In other words, as David says in Psalm 22:31, “they will come and declare His righteousness.” The Hebrew word for “declare” is nagad, “to stand out boldly, announce, to expose, predict, explain, praise.” When the ex-idolaters of the earth boldly testify by personal knowledge and experience that the true God of Creation was actually able to change the hearts of all who gone into the dust, this declaration will be proclaimed “to the glory of God the Father.”
That is the finished work of Christ. That is what He “performed” (NASB) on the cross. That is what was “done” (KJV). These are the people “that He hath made” (Young’s Literal Translation).
Not all yet recognize this, of course, but in the end, He will manifest Himself to all at the Great White Throne, and all will swear allegiance to Him. Then in the age that follows, they will learn righteousness at the mouth of those who rule and reign with Christ. Those who are given “life” at the Great White Throne will receive authority to teach and to train the ex-idolaters in the ways of God.
The Timing Factor
The final result will be that God will write His laws upon the hearts of all men. The finished work of Christ established this FACT. The TIMING of this, however, is another matter. The overcomers will be the first fruits who will receive the reward of “life.” The dead overcomers will be raised in the first resurrection (Revelation 20:4-6), while the last generation of overcomers will be “changed” without dying (1 Corinthians 15:51).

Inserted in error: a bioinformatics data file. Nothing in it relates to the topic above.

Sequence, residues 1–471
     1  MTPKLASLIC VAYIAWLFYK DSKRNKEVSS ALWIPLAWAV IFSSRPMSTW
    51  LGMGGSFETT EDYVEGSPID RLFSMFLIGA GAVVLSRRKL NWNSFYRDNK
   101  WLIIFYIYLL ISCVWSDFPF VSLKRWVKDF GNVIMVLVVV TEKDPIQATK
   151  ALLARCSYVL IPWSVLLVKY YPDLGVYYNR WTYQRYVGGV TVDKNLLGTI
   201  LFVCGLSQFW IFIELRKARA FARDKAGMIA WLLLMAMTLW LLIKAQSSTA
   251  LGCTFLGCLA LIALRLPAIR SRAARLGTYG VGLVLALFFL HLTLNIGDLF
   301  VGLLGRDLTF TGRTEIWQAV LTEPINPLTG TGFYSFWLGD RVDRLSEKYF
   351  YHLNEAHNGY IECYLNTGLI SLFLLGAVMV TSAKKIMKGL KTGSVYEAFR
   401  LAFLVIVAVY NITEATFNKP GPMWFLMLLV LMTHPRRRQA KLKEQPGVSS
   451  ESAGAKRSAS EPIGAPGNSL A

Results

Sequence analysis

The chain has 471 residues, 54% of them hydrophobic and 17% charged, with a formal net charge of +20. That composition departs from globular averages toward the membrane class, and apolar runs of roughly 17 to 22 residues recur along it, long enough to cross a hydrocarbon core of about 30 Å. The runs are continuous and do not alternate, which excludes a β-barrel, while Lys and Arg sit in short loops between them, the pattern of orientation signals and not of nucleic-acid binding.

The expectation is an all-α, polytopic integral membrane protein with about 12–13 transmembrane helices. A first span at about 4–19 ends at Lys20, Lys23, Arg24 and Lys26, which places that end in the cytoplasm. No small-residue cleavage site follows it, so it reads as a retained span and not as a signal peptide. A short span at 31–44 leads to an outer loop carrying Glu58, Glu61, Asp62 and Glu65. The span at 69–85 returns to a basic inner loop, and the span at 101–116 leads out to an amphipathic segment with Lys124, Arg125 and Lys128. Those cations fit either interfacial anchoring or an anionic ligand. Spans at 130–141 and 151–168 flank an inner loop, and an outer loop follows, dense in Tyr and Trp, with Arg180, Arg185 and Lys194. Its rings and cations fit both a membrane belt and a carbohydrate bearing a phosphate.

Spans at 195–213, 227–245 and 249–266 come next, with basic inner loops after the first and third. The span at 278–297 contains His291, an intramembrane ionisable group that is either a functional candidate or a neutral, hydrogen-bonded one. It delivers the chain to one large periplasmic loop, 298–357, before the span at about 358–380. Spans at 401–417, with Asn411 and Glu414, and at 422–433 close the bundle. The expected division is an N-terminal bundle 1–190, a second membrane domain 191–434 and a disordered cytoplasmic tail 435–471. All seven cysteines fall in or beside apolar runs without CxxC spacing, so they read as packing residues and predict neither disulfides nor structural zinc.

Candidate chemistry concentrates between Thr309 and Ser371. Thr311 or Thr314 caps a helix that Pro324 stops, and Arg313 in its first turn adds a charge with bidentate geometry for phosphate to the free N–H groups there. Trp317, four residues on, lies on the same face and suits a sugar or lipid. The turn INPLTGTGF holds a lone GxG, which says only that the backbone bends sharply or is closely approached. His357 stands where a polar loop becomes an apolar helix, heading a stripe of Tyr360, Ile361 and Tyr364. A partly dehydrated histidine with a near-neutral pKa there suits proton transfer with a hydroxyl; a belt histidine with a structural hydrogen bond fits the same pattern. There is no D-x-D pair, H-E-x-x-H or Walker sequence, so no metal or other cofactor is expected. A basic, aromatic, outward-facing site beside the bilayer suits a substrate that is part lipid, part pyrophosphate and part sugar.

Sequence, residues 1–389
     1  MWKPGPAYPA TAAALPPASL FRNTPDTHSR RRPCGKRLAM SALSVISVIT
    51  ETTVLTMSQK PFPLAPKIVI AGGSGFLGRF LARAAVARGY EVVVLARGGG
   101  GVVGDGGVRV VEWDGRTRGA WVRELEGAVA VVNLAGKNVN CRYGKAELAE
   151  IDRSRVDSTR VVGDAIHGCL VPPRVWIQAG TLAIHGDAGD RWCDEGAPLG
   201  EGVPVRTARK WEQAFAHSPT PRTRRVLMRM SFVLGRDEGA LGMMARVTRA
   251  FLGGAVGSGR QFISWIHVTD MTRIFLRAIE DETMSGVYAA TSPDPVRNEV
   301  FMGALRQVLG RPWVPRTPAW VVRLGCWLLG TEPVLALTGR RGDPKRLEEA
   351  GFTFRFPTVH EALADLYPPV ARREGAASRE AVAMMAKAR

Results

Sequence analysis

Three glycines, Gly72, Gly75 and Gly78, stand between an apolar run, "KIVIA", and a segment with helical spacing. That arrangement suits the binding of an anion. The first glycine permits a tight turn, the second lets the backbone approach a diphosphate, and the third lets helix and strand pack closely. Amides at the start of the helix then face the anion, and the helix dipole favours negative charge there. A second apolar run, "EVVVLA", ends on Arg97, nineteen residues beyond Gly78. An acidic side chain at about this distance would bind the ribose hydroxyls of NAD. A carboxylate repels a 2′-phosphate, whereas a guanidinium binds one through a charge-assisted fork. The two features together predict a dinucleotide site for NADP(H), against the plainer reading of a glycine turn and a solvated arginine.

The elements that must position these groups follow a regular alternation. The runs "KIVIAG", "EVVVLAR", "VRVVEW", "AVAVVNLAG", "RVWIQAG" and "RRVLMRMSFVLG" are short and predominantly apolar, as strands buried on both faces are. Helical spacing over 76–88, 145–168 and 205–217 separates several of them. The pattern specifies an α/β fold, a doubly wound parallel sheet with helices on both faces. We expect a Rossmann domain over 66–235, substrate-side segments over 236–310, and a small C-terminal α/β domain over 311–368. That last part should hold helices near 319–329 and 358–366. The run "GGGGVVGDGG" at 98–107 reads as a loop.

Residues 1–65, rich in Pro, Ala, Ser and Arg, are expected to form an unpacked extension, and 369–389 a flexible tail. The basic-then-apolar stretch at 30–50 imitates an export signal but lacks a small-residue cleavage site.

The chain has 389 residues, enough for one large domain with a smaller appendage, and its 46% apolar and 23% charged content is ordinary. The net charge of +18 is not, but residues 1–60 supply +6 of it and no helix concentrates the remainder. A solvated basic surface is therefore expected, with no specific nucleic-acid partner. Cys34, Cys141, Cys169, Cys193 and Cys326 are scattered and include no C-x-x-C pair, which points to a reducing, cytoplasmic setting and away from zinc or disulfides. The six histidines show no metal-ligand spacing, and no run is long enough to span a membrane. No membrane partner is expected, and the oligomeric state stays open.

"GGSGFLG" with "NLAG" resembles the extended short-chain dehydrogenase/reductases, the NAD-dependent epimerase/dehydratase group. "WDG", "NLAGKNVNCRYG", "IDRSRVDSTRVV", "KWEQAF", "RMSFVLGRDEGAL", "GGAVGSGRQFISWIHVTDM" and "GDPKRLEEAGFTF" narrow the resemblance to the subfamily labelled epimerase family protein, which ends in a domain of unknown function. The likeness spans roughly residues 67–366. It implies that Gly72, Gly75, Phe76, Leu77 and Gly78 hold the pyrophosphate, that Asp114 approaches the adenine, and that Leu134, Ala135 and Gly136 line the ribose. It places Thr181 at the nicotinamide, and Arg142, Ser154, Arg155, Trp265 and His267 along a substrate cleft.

The rest of the believers will be given “life” a thousand years later when the unbelievers are brought into judgment at the Great White Throne (John 5:28, 29). The unbelievers among them will become believers when they see the glory of God, and they will declare their allegiance to Him and be filled with the Spirit. This will begin the divine process of writing the “fiery law” (Deuteronomy 33:2) in their hearts, which had not occurred during their former life on earth. This is the “lake of fire,” baptism of fire, the divine judgment that the Spirit of God executes upon all flesh, either in this life time or in that which is to come.
The judgments of God could never thwart, contradict, or work against His promise. This is a basic truth that is little understood in the church today. Many think that the holiness of God forbids Him to save those who come under judgment at the Great White Throne. But the opposite is true. The holiness of God demands that He should fulfill His New Covenant oath. His unconditional vow put His reputation on the line. It challenged His ability to change the hearts of men. Will God’s holiness thwart His sovereignty and cause Him to break His oath? No, God’s wisdom will always find a way for His holiness to work in concert with His sovereignty.